General Electric (GE) and Japan's Hitachi are joining their nuclear operations in the US and Japan to boost business and gain more contracts.
The deal between the two firms comes as others are signing tie-ups
Hitachi, which has been hit by problems with its nuclear turbines, hopes the deal will improve its outlook.
Nuclear power is seen as an attractive alternative to crude oil, which has been rising in price.
The deal comes amid a recent trend of similar alliances, with French nuclear group Areva teaming up with Mitsubishi.
Toshiba recently agreed the $4.2bn (£2.2bn) purchase of US firm Westinghouse, a power plant unit of British Nuclear Fuels.
General Electric, the world's second largest firm, already works closely with Toshiba but said a similar joint venture was not on the cards.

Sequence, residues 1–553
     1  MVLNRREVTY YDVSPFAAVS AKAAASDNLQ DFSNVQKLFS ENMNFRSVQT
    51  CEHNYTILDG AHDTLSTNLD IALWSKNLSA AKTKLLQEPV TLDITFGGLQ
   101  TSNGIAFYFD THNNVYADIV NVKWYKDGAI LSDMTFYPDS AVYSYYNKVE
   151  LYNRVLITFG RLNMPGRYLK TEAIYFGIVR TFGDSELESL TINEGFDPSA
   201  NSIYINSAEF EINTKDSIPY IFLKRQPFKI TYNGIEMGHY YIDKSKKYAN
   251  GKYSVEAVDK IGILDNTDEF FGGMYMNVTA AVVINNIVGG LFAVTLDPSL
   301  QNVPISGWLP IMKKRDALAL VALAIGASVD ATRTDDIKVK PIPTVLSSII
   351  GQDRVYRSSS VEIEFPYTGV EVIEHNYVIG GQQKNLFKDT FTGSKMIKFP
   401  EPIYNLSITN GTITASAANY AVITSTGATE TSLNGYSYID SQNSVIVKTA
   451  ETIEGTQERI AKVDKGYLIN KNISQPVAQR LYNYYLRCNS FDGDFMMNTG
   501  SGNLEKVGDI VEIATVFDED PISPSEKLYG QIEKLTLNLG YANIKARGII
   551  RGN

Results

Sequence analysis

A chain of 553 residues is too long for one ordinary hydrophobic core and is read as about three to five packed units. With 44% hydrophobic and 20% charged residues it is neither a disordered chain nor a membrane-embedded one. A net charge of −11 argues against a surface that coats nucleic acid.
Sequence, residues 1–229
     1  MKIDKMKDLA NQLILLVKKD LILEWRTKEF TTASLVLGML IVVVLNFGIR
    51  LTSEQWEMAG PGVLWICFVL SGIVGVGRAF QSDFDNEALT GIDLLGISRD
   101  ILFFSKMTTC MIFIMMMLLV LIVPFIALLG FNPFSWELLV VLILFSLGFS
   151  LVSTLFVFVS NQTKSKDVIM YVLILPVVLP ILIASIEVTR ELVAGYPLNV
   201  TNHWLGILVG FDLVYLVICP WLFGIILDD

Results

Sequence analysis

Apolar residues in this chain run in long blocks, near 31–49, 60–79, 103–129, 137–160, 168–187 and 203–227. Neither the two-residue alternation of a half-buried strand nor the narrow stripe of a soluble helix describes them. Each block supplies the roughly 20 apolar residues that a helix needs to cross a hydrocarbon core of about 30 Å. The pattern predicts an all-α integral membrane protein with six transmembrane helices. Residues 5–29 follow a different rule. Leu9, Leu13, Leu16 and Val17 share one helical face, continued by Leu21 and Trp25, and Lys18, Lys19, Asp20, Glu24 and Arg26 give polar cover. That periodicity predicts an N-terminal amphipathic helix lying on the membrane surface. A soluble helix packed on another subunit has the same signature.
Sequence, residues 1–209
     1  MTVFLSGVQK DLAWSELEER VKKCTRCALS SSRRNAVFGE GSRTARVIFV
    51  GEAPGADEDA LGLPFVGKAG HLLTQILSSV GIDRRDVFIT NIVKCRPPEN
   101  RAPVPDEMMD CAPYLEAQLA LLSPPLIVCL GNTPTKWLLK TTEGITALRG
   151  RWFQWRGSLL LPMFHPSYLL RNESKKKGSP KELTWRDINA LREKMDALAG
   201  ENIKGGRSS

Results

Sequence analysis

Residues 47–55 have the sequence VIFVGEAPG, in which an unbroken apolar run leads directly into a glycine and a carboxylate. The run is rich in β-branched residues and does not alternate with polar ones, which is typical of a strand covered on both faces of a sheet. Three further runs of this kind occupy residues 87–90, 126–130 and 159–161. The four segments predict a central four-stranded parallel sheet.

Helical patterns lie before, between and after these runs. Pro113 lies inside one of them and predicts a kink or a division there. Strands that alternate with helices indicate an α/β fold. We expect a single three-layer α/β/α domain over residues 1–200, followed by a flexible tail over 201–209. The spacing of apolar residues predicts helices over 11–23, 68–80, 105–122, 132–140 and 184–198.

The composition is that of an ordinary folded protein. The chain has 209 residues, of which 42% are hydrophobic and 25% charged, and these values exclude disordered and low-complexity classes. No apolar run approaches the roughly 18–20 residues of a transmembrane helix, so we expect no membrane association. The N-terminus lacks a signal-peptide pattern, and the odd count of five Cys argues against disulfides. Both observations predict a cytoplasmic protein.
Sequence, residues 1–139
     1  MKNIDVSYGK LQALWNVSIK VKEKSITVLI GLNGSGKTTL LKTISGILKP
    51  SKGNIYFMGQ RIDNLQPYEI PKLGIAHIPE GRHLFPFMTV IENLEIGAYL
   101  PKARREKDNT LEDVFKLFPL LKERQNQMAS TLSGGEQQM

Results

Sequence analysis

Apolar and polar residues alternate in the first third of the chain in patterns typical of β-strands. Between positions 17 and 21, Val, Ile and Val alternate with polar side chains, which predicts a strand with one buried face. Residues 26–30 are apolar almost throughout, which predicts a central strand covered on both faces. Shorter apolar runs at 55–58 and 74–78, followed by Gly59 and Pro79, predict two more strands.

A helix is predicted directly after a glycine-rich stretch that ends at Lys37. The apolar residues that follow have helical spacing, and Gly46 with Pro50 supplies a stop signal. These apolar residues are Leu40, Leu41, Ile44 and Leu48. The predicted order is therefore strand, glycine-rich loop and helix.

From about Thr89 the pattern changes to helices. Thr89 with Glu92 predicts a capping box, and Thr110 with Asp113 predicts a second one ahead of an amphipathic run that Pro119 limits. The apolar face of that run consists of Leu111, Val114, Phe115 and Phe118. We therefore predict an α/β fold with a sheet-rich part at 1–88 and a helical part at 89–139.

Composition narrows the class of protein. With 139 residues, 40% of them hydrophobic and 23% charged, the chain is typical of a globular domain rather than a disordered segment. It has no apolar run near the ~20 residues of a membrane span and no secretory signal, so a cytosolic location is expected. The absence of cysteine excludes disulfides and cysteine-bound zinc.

GE and Hitachi will each own the majority stake of their new joint venture in their home markets, with GE having a 60% share in the US operations and Hitachi holding 80% of the Japanese business.
The international outlook for Hitachi has been uncertain after its faulty turbines forced the closure of nuclear power units.
After including an expected 38bn yen (£169m) cost to fix the turbines, the firm has forecast a group net loss of 55bn yen for the year to March.
The firm hopes increased orders to construct boiling water reactors will improve its outlook.